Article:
Election Year Housing Market Dynamics

29th May 2024

As the nation approaches a general election, conventional wisdom suggests that political uncertainty might deter home buyers and sellers. However, research paints a different picture. Historically, election years see a 2% increase in home transactions in England and Wales compared to the previous year, reflecting a typically strengthening economy.

Analysis of the past seven general elections reveals a 7% year-on-year increase in sales agreements during the three months leading up to an election. This trend indicates that the housing market remains robust despite political uncertainty, with the proportion of annual sales higher in the pre-election period than in non-election years.

For mainstream markets, the impact of a general election on buying and selling decisions is minimal. Most households continue their property transactions based on a positive economic outlook rather than election outcomes, which often align with pre-election polls. Rightmove’s spring survey concluded that 95% of home-movers say the upcoming general election will not affect their moving plans.

With mortgage rates likely to drop, the housing market should remain active, with buyers capitalizing on cheaper financing despite potential political changes.

As landlords, staying informed about political and economic trends is crucial. Labour’s current stance against rent controls and the expected resilience of the housing market during the election period should provide some reassurance. However, keeping an eye on policy developments and market dynamics will help navigate any uncertainties and capitalize on opportunities in the months ahead.

For more updates and expert insights, stay tuned to our newsletters.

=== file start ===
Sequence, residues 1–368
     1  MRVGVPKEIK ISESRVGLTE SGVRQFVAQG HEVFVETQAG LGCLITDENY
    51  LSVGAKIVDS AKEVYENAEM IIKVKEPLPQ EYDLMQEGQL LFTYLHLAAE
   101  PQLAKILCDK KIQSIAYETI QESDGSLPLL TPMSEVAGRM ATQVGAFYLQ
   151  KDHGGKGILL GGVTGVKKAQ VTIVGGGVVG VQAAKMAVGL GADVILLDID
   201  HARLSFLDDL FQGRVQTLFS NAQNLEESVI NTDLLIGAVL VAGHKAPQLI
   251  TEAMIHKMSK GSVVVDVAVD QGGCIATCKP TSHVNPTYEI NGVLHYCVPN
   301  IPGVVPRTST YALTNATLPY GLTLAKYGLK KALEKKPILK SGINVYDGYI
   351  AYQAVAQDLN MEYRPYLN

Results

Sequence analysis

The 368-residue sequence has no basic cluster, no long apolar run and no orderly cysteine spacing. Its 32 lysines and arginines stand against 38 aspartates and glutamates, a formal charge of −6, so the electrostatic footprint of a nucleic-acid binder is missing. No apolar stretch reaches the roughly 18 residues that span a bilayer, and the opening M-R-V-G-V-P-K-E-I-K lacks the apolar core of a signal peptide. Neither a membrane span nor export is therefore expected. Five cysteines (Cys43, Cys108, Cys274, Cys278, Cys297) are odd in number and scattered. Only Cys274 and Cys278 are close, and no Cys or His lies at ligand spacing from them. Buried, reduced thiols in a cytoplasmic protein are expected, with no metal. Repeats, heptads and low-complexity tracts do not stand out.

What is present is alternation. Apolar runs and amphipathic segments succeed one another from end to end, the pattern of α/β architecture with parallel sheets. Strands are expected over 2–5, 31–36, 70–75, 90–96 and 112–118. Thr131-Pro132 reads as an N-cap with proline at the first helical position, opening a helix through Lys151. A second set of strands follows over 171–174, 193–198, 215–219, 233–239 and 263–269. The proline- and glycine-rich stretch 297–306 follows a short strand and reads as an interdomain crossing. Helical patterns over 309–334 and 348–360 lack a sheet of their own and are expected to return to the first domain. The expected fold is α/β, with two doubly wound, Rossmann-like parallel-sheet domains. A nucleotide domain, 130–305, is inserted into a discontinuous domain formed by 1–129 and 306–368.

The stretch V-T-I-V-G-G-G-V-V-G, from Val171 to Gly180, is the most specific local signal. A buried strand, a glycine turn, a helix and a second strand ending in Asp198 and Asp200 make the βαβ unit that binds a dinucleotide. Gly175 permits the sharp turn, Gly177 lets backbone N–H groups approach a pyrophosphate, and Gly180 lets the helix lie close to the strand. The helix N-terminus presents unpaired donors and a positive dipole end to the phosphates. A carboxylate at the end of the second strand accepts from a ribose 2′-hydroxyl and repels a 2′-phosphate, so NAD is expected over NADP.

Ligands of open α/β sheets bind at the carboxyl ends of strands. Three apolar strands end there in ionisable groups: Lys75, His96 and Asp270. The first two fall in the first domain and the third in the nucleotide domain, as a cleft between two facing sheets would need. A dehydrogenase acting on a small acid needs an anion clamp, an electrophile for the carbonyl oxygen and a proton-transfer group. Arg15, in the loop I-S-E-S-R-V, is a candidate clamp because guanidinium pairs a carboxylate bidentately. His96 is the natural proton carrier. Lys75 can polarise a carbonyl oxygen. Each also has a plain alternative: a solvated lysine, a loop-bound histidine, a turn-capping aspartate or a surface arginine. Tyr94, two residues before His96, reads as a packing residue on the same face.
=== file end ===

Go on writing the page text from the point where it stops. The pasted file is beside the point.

Labour Party Stance on Rent Controls

In a significant announcement, the Labour Party has confirmed that it will not introduce rent controls if they win the upcoming general election. A party spokesperson told The Guardian, “While we do believe action needs to be taken to protect renters and rebalance power, rent controls are not Labour party policy as we remain mindful of the risk they could pose to the availability of rental properties and the harmful impacts any reduction in supply would have on renters.”

This statement comes in response to a report by Stephen Cowan, leader of Hammersmith and Fulham Council, which was commissioned by Labour MP Lisa Nandy during her tenure as shadow housing secretary. The report, set to be launched soon, suggests measures such as capping rents based on consumer price inflation or local wage growth, limiting rent increases to once a year with four months’ notice, and banning mid-contract rent review clauses.

However, the Labour Party has distanced itself from these proposals, indicating they are not part of its formal policy. Shadow housing secretary Angela Rayner is expected to reject the report, highlighting concerns that rent controls could deter new housing developments and exacerbate the housing crisis.

Cowan’s report also recommends establishing a National Landlords Register, scrapping Section 21 eviction powers, and implementing measures to discourage landlords from short-term lets. Activist groups, like the Renters’ Reform Coalition, have voiced support for these recommendations, urging Labour to adopt a comprehensive reform package to enhance tenant security and standards in the private rental sector.